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Effects of a Legal Drain Clean-Out on Wetlands and
Waterbirds: A Recent Case History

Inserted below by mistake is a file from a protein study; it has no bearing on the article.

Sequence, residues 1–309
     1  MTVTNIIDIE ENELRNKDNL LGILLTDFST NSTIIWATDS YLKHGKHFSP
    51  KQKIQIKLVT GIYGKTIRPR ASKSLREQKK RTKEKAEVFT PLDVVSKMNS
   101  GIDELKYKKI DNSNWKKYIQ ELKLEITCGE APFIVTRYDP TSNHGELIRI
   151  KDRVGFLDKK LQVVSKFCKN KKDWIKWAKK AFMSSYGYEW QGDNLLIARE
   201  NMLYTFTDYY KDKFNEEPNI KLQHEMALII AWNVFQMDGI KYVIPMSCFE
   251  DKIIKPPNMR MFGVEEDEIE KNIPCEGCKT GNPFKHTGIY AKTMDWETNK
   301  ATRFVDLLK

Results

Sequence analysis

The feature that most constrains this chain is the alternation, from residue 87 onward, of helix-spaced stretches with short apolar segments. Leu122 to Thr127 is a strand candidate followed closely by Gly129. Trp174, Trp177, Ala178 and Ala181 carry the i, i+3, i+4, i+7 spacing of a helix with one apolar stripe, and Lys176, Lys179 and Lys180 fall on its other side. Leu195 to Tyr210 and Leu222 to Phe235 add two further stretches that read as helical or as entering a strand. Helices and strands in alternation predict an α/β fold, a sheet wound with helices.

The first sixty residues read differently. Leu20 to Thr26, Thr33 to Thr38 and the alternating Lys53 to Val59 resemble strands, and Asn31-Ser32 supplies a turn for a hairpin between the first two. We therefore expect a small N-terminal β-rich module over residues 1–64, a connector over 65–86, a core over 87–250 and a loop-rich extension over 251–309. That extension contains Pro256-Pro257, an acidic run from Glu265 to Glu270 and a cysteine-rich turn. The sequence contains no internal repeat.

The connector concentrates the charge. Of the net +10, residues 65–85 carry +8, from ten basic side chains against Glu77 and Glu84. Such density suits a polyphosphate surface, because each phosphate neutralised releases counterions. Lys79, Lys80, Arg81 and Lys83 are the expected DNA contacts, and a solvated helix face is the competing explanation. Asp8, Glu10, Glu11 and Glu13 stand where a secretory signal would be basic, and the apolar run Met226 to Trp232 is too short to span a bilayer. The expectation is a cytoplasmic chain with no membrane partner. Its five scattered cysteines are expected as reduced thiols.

The clean-out of Drain No. 11 from 1984 to 1986 in Sargent County, North Dakota caused the water regimes of three major wetlands in southeastern North Dakota to change from permanently flooded to temporarily flooded eliminating most of their value as migratory waterbird habitat. Because of their large sizes, stable water regimes, suitable interspersion of water and cover, and locations within the principal migration corridor of the Central Flyway, BBM provided key breeding areas for diving ducks and colonial-nesting waterbirds and internationally important staging habitat for arctic-nesting geese. The cumulative effect of loss of staging habitat has been to increase the magnitude of potential risk to midcontinent waterfowl populations from epizootics, particularly during periods of drought. The occurrence of avian cholera outbreaks in the eastern Dakotas and western Minnesota in 4 of the 5 past years (1989-94) (including epizootics at Lake Tewaukon and Kraft Slough in Sargent County in April 1991) underscores the need to maintain, and restore where necessary, a widely distributed wetland habitat base suitable for use by staging waterfowl, particularly in those parts of the PPR that lie within major waterfowl migration corridors. While acknowledging the high value of BBM to migratory waterbirds, a federal court took no steps to mitigate the effects of the clean-out of Drain No. 11 on waterfowl and other waterbirds. The findings of this study and related court actions suggest that clauses (f)(1)(C) and (f)(2) of Section 404 of the CWA do not provide protection for the needs of migratory waterfowl and other waterbird populations even when important breeding and staging areas are involved if wetlands are adjacent to legal drains and water regimes needed to support waterbird populations exist due to lack of drain maintenance.
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